Wednesday, December 28, 2005

Arigato, What an inspiring experience!






Posted by Picasa Mr. Ishikuro, we hope our actions back home will make you proud. You are a tough act to follow. Thank you for your efficiency planning our city visits and home stays.

To the Yanagawa group: You were amazing! I am looking forward to sharing pictures, CD's and DVD's. When is the reunion?

It took a whole team to take care of every detail



Posted by Picasa Thank you for all your hard work! If anything went wrong, we did not know it.

The Kokoro of the JFMF Tokyo Office

Thank you, Gracias, Arigato, Merci
I think I understood Mr. Ishikuro only at the end of my stay when I saw him reflect before his aikido demonstration: http://www.aikido.com/, http://www.aikidofaq.com/ . The only day I saw him smiling was before our good-bye breakfast, right before we got on the bus that would deliver us back where this magnificent experience started: Narita Airport. I know the whole group will do their best to honor the quality of work demonstrated by the JFMF Tokyo staff.



Posted by Picasa Thank youMr. Ishikuro and Kyoko for running an efficient and inspiring professional development.
I wish I had taken time to get to know both of you. Maybe life will provide opportunities in the future.
I wondered what are yout hobbies, Kyoko? When do "you all" have time to do anything else?

Friday, December 23, 2005

Follow-on Project Progress Report




























Nihon No Ajiwai is a two part project. The project starts with an arts empowered Japanese immersion festival at Casady School. Knowledge acquired at the festival will be shared with institutions serving needy Oklahomans of all ages at Taste of Japan workshops.

The workshops will be organized and implemented by the Casady Youth and Adult Advisory and Action Council (YAC). The workshops will be crafted under the supervision of Carmen Clay, Rainbolt Family Service-Learning Chair and Japan Fulbright Memorial Fund Teacher in collaboration with Learn and Serve Regional Service-Learning Center at Camp Fire USA Director, Mrs. Kate Collins, the Japan Outreach Coordinator, Oklahoma Institute for Teaching East Asia, University of Oklahoma-Schusterman Center, Ms. Yukiko Yokono, the Japan America Society of Oklahoma former President, Mari Lesli, and Mr. Tom Warm, Okii Taiko, Sensei.

The arts empowered immersion festival is a one time, organized, engaging educational experiential learning opportunity in the Japanese culture through the arts. The festival’s goal is to raise awareness of the Japanese culture in Oklahoma in an interactive way. We feel that the Japanese culture, alive and well in Oklahoma, is one of the best hidden secrets of Oklahoma City’s multicultural tapestry. The arts empowered Japanese immersion festival will also provide the background service-learners need to take its message, in Taste of Japan workshops, to their institutions and to needy Oklahomas who might not otherwise be exposed to the magic of Japan unless, unpaid, enthusiastic teens deliver the cultural bouquet learned at the festival experientally.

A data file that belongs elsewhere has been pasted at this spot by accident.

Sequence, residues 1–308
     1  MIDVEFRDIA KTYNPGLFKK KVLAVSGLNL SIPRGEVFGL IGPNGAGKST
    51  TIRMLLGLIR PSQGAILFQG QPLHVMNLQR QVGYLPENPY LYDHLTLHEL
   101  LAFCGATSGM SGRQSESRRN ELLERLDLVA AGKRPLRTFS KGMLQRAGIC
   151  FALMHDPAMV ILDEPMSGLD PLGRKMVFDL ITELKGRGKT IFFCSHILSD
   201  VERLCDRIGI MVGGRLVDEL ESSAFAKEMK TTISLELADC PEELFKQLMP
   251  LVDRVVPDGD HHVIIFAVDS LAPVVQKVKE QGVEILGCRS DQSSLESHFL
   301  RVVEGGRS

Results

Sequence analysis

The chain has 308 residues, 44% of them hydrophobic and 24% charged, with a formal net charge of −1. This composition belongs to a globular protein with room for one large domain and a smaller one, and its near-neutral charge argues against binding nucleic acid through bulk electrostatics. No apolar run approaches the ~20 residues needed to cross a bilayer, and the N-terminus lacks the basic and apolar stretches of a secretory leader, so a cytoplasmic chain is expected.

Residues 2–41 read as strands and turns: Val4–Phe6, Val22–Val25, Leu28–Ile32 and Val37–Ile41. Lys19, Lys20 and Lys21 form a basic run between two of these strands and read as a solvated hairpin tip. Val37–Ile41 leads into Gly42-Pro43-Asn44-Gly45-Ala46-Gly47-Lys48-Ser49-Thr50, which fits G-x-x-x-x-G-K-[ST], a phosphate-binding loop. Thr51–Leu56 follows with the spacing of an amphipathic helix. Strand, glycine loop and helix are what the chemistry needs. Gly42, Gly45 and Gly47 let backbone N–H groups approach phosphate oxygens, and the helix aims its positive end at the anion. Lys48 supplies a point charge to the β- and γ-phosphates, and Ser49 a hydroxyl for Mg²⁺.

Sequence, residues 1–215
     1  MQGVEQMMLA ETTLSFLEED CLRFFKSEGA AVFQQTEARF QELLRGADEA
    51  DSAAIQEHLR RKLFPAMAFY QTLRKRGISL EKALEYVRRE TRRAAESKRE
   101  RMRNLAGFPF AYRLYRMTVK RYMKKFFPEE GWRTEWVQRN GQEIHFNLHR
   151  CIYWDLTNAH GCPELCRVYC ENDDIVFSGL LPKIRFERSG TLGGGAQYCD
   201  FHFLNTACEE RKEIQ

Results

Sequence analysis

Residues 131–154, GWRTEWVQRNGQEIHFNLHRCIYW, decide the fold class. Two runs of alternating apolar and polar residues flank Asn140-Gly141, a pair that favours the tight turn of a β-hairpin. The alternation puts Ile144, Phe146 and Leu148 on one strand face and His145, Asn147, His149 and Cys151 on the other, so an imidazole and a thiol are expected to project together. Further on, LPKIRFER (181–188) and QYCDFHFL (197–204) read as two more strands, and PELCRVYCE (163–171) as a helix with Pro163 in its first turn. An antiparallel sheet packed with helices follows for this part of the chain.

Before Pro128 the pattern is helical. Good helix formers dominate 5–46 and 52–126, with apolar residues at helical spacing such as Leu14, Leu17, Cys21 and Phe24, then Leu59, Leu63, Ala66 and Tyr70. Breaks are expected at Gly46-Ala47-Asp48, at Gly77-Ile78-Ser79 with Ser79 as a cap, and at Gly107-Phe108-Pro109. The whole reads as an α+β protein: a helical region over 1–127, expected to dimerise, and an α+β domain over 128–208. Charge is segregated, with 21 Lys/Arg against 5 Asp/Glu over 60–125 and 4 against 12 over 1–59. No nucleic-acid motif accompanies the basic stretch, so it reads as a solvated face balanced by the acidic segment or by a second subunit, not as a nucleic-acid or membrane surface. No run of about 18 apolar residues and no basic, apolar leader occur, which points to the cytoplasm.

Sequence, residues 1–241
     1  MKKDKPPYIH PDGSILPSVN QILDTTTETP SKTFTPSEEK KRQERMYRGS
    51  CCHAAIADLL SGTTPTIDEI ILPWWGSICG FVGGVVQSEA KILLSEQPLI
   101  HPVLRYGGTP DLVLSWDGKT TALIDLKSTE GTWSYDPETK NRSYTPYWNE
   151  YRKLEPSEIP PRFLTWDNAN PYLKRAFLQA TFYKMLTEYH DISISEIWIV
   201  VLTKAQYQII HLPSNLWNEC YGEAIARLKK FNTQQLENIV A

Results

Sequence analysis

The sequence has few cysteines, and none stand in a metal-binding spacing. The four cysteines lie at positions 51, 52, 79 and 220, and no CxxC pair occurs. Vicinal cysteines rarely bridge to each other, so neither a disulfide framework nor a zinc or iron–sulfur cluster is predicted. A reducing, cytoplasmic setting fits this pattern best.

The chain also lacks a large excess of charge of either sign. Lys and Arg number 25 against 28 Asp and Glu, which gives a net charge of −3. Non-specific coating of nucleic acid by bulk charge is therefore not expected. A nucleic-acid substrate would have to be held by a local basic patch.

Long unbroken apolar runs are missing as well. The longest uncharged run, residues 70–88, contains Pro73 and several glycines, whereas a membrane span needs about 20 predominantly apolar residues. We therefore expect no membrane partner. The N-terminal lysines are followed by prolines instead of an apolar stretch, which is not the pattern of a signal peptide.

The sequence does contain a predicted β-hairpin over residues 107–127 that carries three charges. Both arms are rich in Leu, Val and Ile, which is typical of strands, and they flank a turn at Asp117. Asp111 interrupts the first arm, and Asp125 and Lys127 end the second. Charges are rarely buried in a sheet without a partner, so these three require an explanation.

The Immersion festival and Taste of Japan workshops will be under the responsibility of the Director of Service-Learning (http://www.nylc.org/discover.cfm?oid=3152) at Casady School (http://www.casady.org/), Carmen Clay. Advisors to Mrs. Clay and her Casady students will be Ms. Yukiko Yokono, Mrs. Kate Collins, past JASO president Mari Lesli (Tozan Yume Yogiku), and Mr. Tom Warm. Ms. Yokono, Mrs. Lesli, and Mr. Warm will also help find experts in Japanese arts to provide instruction during the immersion festival and to craft the youth-led Taste of Japan outreach work after the festival.

Japanese international students from local colleges, and high school students dedicated to learning and serving will have a powerful voice in the organization and implementation of the festival and workshops.

The Japanese immersion festival through the Arts will be the seed of future yearly festivals aiming to break ignorance barriers and promote diversity as a source of unity and creativity.

The Taste of Japan workshops will also be a great example of people of different ages and backgrounds working together with a common cause.

Tentative Overall Schedule

December-February: Planning the Festival

February: Publicity and invitations

March: Nihon No Ajiwai Festival: Saturday, March 25, 2005, Casady School Calvert Hall and Middle School building classrooms. 2:00-7:00 p.m.

March-August: Taste of Japan Outreach workshops


Planning meetings schedule

Where? Casady School Harper Conference Center

Who? YAC members, Oklahoma Institute for Teaching East Asia, Learn and Serve, available JASO and Japanese International Students

When? 10:10-10:45 a.m. on Tuesdays and/or Wednesday. Saturday meetings as needed. Blog shared information. http://www.carmenlearns.blogspot.com/

What? Festival program, workshop development, seek sponsors, donations, marketing strategies, food tasting, advertising campaign

Outreach work for service-learners

Where? Boys and Girls Clubs, Kids Cafes, Nursing Homes,
When? Fridays from 3:30-6:30, weekends or during school breaks


Arts Empowered Japanese Immersion Festival Tentative Schedule and Process

2:00 p.m